“Ok, first off let me tell you my opinion. I believe you have no clue what you are talking about. It’s my opinion that you know nothing at all about the Bermuda Triangle whatsoever. You have too many contradicting remarks on your page, alot of information you give is wrong and you have no documentation or pictures (other than borrowed from other sites) to back up anything you say. Furthermore, I visited sites that show REAL information, not BS like yours. I also think that someone by the name of Gian Quasar has told you FACTS about the Bermuda Triangle that you know nothing about. I think maybe you should just give up on this subject and move onto something you do know about...like maybe bullshit?”
“First off, this was the first web site to ever even discuss the Bermuda Triangle, either pro or con. If you see pictures here that appear on other sites, then they stole them from here.
Second off, I've visted Gian Quasar site on many occasions. I think his site is very good. I've emailed him on several occasions but I guess he is just too busy to answer his email. That is fine.
He very much wants to prove the Bermuda Triangle is more than just nature being nature.
Who knows, some day he might and I'll have to eat crow. So far he is a long way from convincing the Scientific community that it is real.
Millions of people live in the Triangle and 10s of millions visit it annually and nothing happens.
In the mean time you insult me and don't even give your real name.”
Well, there it is. Although it wasn’t necessary to insult Gibson, his dogmatic and often illogical assertions seem to provoke a number of people on his message board. One, let me say I have never received any email from him at any time. I would find it hard to believe that his several emails have been destroyed or lost before reaching me. I have had no one complain that I was not responding to their emails. Therefore, I find such a comment to be strange and suspect it might not be true.
Now, he claims I “very much want to prove it is not just nature being nature.” Well, I can’t even follow that. It is natural for nature to make things disappear? Is this commonplace? Of course not, not even at sea. The Bermuda Triangle is not just an occasional disappearance: there are hundreds of them. I believe it is nature being nature. But what kind? Just storms that didn’t exist wiping everybody off the map? Hardly. For many, nature is something mundane. For those who have experienced a little more of the sea, and understand how untapped and mysterious is the energy of matter (see vortex kinesis), these disappearances may indicate far more— more from which we can learn and it can lead us to knowledge in the future. Nothing has been nor will be gained by dismissing them as pointless deaths on a big ocean. This is a bigger assumption than the one that there may be something out there to discover, something to which these disappearances have been pointing for decades.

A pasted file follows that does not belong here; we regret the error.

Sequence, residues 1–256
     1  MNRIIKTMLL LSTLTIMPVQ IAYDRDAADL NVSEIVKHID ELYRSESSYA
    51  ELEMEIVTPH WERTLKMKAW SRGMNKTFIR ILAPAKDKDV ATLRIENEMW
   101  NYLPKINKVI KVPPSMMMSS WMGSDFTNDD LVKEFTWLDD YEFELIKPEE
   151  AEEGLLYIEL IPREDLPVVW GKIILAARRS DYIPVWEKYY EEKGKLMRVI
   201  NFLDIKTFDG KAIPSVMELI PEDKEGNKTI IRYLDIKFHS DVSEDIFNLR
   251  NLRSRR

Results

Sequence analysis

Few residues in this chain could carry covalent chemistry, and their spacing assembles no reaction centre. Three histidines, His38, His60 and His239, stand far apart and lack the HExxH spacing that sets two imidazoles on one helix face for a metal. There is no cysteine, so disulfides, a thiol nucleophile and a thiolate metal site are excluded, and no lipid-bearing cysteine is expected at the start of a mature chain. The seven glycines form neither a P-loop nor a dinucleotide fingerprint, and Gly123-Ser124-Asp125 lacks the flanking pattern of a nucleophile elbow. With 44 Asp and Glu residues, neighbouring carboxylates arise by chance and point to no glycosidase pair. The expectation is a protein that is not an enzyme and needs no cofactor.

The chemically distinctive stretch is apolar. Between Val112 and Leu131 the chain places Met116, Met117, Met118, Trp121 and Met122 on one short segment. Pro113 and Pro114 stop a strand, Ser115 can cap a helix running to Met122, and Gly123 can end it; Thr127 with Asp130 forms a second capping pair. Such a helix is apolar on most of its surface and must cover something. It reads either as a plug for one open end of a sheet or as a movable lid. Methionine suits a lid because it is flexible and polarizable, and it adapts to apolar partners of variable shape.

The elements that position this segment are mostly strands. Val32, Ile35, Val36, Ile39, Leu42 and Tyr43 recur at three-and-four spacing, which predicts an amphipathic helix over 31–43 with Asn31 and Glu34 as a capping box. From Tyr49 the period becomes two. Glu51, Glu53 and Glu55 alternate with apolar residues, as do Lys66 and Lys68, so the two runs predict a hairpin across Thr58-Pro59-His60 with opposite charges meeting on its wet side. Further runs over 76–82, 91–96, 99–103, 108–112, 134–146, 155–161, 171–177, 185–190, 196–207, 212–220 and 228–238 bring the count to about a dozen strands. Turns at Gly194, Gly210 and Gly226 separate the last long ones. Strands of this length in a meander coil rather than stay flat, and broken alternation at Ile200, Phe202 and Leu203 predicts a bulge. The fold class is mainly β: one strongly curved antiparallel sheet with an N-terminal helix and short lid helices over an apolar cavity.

As for the scientific community, it has already been made clear in Myth & Facts how Gibson regrettably exaggerates his contacts. The scientific community may be, for Gibson, his local college science teacher. I’ve been impressed by some kid cousins with just how analytical the younger generation is getting. With iphones and the like they can even find the name of a song, its date of composition and everything else. They are becoming a data gathering generation. Maybe a lot of this isn’t happening in school, but most knowledge comes with life and with living it. That helps the most in people being able to contextualized everything. And truth lies in the Body Context.
Although teachers rightfully warn their students to beware wikipedia as an ultimate source, it has proven helpful in classifying for and impressing upon its readers what “weasel words” are. Bubba, now the late great Bubba, frequently used weasel words and concepts. This is something often used by humbugs in general. Even published ones. A man named Joe Nickell, who for some extraordinary reason has been published on all topics from “ghosts” to the Shroud of Turin, is one such example. He has condemned me as a “myth monger.” It is rather interesting to see this man, who claims a Ph.D in English, speak of such topics. He has even allowed himself to be filmed on Discovery Channel wearing a biologist’s lab coat and examining something under a microscope. How can one put the supernatural under a scope?